Not Satisfactory

This otherwise balanced story leads with a frightening anecdote about a woman whose breast cancer was only diagnosed by breast self-exam. We do not know if her doctor also felt this lump.  Her statement that she would not have survived if she had not been vigilant about monthly exam may or may not be true.  A physician’s quote buried in the piece notes that  tumor biology (not size) is the most important predictor of mortality.  Introducing this otherwise balanced story with such an unfortunate missed diagnosis detracts from the overall message that, in population studies there is no benefit to regular SBEs for low to moderate-risk women.

 

Does the story use independent sources and identify conflicts of interest?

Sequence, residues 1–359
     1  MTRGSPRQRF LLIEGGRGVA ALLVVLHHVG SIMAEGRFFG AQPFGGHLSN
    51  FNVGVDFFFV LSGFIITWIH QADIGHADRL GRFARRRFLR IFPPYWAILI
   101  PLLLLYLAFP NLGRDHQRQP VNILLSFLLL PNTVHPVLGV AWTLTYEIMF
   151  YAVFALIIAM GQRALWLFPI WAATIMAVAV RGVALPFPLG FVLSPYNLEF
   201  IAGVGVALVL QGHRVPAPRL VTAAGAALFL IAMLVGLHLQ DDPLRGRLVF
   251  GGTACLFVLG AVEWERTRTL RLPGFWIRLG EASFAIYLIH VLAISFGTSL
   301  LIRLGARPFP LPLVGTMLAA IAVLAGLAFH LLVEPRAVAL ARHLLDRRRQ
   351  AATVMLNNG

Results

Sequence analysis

Satisfactory

The story is based on an update of a report by the Cochrane Collaboration, a credible international group that analyzes bodies of scientific literature to determine overall findings. A range of clinicians put the report and practice of BSE in perspective.  Physicians appropriately talk about the revised guidelines for this screening, and note that regular BSE is still an individual woman’s choice.  Women should be aware of the harms and lack of sensitivity of the exam.  A patient is interviewed for the story, but her story of misdiagnosis seems to undercut the overall message of the piece: women must weigh the pros and potential downsides of regular BSE.

Does the story compare the new approach with existing alternatives?

Satisfactory